CLOSE
Original image

The World's 10 Messiest Food Festivals

Original image
Maurizio Montanaro, Flickr // CC BY NC-ND-2.0

by Brendan Spiegel

If your mother told you never to play with your food, she probably didn't grow up in any of these towns. Whether the food is being worshipped, chased, sculpted, or thrown, we've found 10 spots around the world where picking at your plate isn't just acceptable, it's encouraged.

1. Italy's Orange Battle

Luca Moglia,Flickr // CC BY NC-ND-2.0

Every year, townspeople in Ivrea, Italy, celebrate the three days before Lent by pelting one another with oranges. According to legend, the feudal lord of medieval Ivrea was so stingy that he gave his peasants only one pot of beans every six months. In protest, the villagers would throw the beans into the streets. Over the years, the beans were replaced by oranges, which grow plentifully throughout Southern Italy. The custom now known as the Orange Battle involves revelers standing on parade floats and launching the fruit at fellow participants. And it's not uncommon to see a little blood mixed in with all that orange juice. Visitors can join in, but you'll probably want to bring some goggles and a helmet.

2. Cheese Rolling at Cooper's Hill

Michael Warren, Flickr // CC BY 2.0

Each spring, a large wheel of cheese is rolled down a steep hill in England, and dozens of British men go tumbling after it. They risk sprained ankles, broken bones, and massive bruising. The big prize? The winner gets to keep the cheese.

While no one knows exactly how or why the first cheese race took place, local legend pegs the tradition on the ancient Romans. The event hasn't always been smooth rolling, though. It hit a rough patch during World War II, when rations made dairy difficult to come by. Instead of sprinting after a full hunk of Double Gloucester, contestants raced after a tiny slice placed inside a wooden wheel. A far greater threat to the competition came in 1997, when so many competitors were injured that authorities implemented some major changes. The following year, the cheese was allowed to roll down the hill, but no one could run after it. Thankfully, the toned-down version of the sport lasted just one year. In 1999, authorities introduced a few more safety measures and then let the cheese chasing resume. The games at Cooper's Hill have been going strong ever since.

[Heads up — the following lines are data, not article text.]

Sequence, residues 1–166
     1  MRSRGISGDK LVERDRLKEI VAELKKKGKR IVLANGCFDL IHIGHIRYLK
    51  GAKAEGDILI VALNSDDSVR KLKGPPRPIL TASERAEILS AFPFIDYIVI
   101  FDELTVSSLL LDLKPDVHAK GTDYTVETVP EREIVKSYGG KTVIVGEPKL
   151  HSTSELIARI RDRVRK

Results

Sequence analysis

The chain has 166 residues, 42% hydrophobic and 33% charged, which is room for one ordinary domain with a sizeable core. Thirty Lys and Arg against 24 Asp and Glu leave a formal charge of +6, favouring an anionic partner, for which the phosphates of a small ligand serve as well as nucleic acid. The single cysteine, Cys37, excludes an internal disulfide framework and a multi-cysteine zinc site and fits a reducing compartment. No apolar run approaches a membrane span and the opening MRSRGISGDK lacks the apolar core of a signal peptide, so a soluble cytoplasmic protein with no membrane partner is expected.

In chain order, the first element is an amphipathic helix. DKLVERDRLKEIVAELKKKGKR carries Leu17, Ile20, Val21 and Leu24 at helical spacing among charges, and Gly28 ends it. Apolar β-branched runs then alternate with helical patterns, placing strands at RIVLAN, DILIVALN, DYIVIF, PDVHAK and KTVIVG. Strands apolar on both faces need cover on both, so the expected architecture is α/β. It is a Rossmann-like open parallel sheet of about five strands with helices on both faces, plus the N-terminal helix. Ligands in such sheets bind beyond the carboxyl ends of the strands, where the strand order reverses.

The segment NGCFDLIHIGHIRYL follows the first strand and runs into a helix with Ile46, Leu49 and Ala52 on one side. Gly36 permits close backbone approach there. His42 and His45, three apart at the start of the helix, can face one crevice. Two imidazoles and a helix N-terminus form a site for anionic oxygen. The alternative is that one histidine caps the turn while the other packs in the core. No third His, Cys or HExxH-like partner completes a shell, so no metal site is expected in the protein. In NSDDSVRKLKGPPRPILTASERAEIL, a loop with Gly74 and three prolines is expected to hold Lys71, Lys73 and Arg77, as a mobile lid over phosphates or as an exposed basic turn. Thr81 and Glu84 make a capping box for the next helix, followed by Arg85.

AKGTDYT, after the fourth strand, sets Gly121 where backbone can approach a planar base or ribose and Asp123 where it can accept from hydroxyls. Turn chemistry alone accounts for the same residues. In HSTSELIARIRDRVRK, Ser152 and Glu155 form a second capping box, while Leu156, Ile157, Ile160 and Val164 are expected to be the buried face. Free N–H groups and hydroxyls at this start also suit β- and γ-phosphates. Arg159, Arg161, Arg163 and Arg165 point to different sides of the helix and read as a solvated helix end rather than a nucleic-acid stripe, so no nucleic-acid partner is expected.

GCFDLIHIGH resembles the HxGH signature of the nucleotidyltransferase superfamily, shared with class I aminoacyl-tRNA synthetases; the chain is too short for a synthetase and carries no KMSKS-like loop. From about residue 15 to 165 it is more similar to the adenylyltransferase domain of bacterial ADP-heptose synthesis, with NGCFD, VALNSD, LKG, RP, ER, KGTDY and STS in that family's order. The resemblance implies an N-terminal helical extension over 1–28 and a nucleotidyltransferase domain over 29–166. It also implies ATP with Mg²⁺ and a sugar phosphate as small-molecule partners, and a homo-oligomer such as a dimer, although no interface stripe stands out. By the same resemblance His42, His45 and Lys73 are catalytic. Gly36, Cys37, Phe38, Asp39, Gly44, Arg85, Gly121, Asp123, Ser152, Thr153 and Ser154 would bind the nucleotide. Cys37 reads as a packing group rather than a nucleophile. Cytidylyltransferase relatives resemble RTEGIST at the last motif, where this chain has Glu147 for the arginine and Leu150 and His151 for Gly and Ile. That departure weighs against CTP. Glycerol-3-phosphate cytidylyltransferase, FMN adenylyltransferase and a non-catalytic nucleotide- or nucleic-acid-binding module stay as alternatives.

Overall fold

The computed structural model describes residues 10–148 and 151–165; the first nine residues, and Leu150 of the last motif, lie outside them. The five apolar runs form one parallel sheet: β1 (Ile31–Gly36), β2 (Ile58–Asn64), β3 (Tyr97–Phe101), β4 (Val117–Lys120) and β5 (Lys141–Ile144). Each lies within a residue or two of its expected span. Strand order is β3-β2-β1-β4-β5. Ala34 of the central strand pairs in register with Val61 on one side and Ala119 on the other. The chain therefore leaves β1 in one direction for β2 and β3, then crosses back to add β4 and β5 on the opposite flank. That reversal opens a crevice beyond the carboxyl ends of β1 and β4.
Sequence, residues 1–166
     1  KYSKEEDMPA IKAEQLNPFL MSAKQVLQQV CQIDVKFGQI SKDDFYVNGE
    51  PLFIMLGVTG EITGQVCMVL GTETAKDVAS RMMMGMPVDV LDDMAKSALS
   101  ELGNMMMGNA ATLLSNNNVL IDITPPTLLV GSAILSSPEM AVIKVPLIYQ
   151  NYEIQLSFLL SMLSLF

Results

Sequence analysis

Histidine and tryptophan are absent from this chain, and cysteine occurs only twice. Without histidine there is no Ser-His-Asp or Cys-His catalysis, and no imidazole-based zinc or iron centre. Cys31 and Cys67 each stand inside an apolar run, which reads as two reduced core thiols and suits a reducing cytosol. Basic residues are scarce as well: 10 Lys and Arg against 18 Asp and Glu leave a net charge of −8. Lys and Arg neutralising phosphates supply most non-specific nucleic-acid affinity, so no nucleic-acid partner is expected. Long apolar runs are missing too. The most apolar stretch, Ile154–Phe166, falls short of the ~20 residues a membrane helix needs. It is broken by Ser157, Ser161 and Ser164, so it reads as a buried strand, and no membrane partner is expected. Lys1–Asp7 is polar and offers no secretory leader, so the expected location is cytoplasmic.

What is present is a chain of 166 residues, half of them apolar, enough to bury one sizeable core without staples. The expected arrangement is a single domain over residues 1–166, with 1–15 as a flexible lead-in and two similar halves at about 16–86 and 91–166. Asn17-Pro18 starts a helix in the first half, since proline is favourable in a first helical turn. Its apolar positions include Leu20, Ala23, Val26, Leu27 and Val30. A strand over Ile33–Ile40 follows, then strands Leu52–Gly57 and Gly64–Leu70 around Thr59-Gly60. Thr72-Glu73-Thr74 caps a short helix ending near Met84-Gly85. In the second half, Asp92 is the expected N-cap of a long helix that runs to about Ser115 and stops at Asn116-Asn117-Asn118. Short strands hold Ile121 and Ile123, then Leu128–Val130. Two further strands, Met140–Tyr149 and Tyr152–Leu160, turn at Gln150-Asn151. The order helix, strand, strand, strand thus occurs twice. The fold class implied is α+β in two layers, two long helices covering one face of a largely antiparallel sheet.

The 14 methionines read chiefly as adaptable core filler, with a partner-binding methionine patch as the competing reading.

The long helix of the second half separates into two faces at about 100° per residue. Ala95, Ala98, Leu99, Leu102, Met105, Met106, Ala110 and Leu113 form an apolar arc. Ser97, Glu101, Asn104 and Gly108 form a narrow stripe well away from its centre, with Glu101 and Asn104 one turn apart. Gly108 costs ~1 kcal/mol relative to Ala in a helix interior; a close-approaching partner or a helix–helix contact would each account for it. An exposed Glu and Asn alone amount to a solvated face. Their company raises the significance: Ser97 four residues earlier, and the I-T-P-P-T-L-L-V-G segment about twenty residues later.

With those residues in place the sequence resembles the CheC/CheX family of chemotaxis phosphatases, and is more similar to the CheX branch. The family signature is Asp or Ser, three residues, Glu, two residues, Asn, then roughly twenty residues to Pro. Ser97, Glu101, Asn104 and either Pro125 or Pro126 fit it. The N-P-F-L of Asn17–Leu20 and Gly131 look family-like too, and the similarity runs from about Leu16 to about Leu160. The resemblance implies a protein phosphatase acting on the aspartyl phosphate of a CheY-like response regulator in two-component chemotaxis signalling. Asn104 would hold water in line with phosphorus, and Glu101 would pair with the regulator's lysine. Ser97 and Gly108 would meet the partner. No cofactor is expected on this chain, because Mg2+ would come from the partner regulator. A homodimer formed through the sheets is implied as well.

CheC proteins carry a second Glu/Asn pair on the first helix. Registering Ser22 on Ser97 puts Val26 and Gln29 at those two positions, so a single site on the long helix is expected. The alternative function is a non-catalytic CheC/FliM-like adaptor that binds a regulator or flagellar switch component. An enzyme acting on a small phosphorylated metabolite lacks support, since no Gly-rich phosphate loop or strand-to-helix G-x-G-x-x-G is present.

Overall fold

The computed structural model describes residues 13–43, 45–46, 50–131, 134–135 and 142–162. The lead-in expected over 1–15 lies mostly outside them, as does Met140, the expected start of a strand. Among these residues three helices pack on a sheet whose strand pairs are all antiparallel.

3. The Lopburi Monkey Festival

Chris Gusen, Flickr // CC BY NC-2.0

Like many places in Thailand, the city of Lopburi is overrun with macaque monkeys. They swing freely through the streets, hitch rides on top of cars, and snatch food from the hands of unsuspecting tourists. But even though the animals are annoying, the Thais worship them. According to Hindu legend, a god named Hanuman (the Monkey King) once ruled this region. In his honor, the city celebrates once a year by feeding its 2,000-plus monkeys a huge buffet overflowing with tropical fruits, flavored rice dishes, and modern treats such as Coca-Cola.

4. Night of the Radishes

Drew Leavy, Flickr // CC BY NC-ND-2.0

When Spanish explorers brought radishes to Mexico in the 16th century, farmers near the modern-day city of Oaxaca quickly started farming the veggies. Unfortunately, nobody wanted to buy them. Not knowing what to do with all the extra produce, venders began carving the radishes into ornate shapes and using the vegetable sculptures to lure customers to their produce stands. Amazingly, it worked. The novelty items became so popular that farmers began leaving their radishes in the ground long after harvest season, letting them grow into bizarrely shaped behemoths. Now, December 23 is known as Noche de Rabanos (Night of the Radishes). Oaxacans celebrate it each year by gathering in the town square to display and admire elaborately detailed radishes modeled into saints, nativity scenes, and even the town itself.

5. Turkey's Greasy Wrestling Competition

Wikimedia Commons

The Turkish sure do love their olive oil. In fact, they're so obsessed with the stuff that it plays a leading role in one of their treasured national pastimes—the Kirkpinar wrestling contest. At nearly 650 years old, the tournament is one of the world's longest continuously "¨running sporting events. It's also one of the most popular. Each June, more than 1,000 competitors cover themselves in a slick coat of olive oil before entering the ring. All that grease makes for some comically slippery bouts, but that doesn't stop the Turks from taking this event seriously. Millions of spectators turn out for the three-day tournament, and the champion (crowned the "Big Hero") is honored as the country's preeminent sports star.